Have you ever read a sentence that makes your heart stop? The words fly off the page and make you pause with the simplicity and beauty of its power.
What about a movie so engulfing, so glorious you don’t want it to end? You walk out of the cinema shocked that the world they created… doesn’t… actually… exist?
Good content questions, inspires and transforms.
But there’s a lot of content out there: everything from social media to radio, film, podcasts, books and magazines.
How can you make your story stand out?
Creating good content, a good story, takes commitment, consistency and creativity.
Need inspiration to fuel your content?
Discover these five ways to make your story stand out:
1. It’s you. It’s not me.
All good stories and messages focus on the reader or visitor. They will stop and connect with your story, if it matters to them. Stories that connect, and connect quickly, answer their care factor right up front.
Not everyone will care, and that’s just the way it is. But some will care and they are the ones you are looking for.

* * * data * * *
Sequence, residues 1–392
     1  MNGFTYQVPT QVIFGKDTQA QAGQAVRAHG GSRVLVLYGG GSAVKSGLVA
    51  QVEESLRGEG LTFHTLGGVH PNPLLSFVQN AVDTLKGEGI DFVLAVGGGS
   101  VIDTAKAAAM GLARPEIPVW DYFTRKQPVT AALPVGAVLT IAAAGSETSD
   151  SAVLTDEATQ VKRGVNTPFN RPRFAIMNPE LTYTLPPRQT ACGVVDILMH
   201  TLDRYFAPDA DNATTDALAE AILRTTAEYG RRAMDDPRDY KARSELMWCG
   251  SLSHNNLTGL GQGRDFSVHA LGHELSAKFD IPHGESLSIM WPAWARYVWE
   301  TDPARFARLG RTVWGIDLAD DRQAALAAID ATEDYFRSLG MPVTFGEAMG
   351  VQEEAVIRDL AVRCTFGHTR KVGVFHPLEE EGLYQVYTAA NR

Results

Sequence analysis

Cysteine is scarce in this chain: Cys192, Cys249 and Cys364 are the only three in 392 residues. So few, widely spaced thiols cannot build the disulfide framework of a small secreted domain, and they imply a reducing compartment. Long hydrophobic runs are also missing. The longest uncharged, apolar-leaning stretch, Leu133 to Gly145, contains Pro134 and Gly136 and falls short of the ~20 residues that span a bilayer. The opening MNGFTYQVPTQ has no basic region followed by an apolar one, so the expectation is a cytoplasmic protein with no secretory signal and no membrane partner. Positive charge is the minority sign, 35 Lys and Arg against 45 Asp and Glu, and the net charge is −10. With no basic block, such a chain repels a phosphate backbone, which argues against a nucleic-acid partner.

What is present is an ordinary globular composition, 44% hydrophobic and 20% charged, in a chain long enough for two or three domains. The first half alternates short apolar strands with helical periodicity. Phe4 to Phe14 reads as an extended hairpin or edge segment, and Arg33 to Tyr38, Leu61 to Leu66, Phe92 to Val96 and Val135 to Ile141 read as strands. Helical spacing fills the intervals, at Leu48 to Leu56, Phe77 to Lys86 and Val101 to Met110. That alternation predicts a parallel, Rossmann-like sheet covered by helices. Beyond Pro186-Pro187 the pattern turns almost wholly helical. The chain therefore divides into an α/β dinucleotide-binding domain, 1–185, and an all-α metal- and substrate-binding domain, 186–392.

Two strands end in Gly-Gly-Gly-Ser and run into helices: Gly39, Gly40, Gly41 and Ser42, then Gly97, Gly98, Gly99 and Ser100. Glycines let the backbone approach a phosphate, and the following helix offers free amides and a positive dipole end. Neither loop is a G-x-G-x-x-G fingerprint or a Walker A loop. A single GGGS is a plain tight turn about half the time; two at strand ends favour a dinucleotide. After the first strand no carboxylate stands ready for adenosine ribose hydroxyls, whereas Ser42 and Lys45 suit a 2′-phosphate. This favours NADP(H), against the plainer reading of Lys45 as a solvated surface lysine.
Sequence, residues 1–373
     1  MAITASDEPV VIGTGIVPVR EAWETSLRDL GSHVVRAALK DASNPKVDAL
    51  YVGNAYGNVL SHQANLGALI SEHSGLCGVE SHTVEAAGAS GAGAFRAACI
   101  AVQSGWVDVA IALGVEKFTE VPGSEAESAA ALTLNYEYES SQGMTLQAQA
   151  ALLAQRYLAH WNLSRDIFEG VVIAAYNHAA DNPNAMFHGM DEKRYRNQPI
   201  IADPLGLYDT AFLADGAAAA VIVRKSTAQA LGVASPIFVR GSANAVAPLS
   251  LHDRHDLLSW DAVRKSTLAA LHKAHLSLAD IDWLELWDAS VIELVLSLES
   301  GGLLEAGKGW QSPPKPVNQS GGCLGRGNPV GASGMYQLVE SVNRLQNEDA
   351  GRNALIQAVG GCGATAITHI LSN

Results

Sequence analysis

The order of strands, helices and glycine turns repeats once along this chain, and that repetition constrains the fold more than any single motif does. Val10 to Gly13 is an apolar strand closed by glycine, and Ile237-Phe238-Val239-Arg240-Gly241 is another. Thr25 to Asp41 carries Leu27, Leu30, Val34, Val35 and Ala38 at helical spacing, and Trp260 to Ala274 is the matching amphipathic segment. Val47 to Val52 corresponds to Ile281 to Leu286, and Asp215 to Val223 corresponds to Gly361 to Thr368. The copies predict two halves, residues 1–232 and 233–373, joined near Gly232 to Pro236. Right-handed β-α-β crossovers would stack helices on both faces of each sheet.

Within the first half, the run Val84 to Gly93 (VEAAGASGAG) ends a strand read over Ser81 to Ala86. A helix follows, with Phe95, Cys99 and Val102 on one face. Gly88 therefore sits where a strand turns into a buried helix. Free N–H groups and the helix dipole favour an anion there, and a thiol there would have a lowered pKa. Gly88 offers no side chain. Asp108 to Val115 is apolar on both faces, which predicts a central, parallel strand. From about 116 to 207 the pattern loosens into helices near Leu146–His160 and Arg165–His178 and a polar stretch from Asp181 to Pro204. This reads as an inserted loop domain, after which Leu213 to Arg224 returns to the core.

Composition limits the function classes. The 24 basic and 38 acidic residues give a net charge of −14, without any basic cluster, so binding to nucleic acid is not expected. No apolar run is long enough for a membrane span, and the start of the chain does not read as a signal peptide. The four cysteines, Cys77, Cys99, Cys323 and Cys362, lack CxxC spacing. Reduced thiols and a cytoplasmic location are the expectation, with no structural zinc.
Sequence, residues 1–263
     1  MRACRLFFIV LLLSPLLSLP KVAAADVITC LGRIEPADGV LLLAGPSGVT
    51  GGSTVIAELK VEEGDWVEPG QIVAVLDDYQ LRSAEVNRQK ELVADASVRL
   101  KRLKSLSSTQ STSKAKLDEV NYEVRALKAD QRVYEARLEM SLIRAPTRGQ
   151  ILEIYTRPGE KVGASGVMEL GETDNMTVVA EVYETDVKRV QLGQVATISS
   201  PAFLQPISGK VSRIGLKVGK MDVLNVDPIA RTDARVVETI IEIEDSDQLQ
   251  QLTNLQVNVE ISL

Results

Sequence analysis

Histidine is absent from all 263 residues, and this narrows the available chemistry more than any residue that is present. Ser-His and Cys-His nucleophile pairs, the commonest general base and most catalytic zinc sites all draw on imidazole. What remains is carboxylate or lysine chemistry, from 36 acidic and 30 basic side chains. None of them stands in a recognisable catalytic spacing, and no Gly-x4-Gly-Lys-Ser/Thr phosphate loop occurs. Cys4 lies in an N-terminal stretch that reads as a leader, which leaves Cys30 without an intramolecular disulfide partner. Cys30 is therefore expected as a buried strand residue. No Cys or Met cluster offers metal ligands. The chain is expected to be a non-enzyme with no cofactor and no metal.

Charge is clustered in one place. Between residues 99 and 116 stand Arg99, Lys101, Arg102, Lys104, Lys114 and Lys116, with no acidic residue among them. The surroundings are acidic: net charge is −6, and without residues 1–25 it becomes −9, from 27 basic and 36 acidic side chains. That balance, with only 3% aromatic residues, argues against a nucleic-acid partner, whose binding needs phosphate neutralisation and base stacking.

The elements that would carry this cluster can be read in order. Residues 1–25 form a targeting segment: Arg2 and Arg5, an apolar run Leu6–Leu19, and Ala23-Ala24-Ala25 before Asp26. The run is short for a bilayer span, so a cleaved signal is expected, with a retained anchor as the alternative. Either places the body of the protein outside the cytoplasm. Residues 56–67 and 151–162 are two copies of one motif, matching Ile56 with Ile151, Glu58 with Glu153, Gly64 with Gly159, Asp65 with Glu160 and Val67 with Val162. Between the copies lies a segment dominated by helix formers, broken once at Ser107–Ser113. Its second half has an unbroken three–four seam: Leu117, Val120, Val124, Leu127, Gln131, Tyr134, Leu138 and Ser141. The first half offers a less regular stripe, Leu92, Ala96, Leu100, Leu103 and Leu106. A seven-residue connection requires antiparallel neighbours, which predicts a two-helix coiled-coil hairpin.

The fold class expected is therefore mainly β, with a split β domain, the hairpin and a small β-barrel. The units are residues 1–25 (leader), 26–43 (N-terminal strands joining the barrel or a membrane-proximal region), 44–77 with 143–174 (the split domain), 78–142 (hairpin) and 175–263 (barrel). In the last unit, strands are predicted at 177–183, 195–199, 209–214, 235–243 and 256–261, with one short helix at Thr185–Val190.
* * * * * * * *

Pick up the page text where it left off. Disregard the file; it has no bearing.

2. Match your message to the channel
The way you tell your story changes depending on the medium you use. Match your messages to your channel.
Humour and lighthearted commentary sit better with Facebook than LinkedIn. Quiet reflection about human trafficking is not going to happen on the underground, but will in an exhibition space.
3. Pick words that engage
Match your words to the audience, and make it enjoyable and interesting for them to read. Don’t make reading, watching or listening a chore.
The words you use need to sing, not turn it into sludge.
4. Good content flows
Have you ever watched a movie and a whole new sub-plot pops up half way through and you’re left going? What? Why? Who are these people? And why are they in my story?
If you’re giving a speech, you don’t have to follow a time sequence of your life but suddenly dropping in a dramatic life event out of order only confuses the listener. Make it clear why you put it there.
Good content doesn’t confuse the audience. Good content flows logically.
5. It’s okay to say ‘no’
The little know fact is that the inspiration actually comes from what you delete.
Not all parts of the story matter to this audience right now. It’s okay to leave out details. What matters is that you pick your messages and stick with it.
Communicate the main messages and forget the rest. Clarity is more important.